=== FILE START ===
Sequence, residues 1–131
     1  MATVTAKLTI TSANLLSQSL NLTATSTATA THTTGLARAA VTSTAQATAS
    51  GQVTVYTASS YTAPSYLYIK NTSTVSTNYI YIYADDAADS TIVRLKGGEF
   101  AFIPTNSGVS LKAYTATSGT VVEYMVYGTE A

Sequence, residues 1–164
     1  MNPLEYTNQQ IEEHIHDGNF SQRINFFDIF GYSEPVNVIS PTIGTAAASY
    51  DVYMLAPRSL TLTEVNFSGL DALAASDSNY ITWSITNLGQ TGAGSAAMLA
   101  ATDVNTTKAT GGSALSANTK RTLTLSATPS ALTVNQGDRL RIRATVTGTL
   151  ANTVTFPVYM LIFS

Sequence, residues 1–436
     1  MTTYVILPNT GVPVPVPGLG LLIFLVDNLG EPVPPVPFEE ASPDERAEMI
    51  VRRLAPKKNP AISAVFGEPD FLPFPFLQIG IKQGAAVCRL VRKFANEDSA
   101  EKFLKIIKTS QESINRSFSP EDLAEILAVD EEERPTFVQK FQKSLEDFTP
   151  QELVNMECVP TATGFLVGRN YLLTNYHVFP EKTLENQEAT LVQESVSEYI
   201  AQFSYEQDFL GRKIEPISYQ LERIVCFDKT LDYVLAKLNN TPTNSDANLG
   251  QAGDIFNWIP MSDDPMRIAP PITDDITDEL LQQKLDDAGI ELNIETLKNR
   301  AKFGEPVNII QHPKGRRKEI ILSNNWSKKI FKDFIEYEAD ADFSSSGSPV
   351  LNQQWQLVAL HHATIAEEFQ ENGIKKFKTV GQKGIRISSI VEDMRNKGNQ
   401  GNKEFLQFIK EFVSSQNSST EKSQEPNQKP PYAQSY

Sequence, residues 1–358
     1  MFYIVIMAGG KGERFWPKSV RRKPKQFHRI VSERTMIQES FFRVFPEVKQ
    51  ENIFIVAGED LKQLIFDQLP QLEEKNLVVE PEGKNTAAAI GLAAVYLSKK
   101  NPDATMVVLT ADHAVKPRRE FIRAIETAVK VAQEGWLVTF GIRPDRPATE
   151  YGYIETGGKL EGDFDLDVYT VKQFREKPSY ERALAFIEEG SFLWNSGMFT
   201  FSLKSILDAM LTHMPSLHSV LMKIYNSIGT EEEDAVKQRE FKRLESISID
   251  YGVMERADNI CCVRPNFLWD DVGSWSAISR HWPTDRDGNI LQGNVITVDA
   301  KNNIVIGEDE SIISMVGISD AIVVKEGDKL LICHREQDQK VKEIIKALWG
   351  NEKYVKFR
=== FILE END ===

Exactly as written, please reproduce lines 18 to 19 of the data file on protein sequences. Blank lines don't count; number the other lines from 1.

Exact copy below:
   351  LNQQWQLVAL HHATIAEEFQ ENGIKKFKTV GQKGIRISSI VEDMRNKGNQ
   401  GNKEFLQFIK EFVSSQNSST EKSQEPNQKP PYAQSY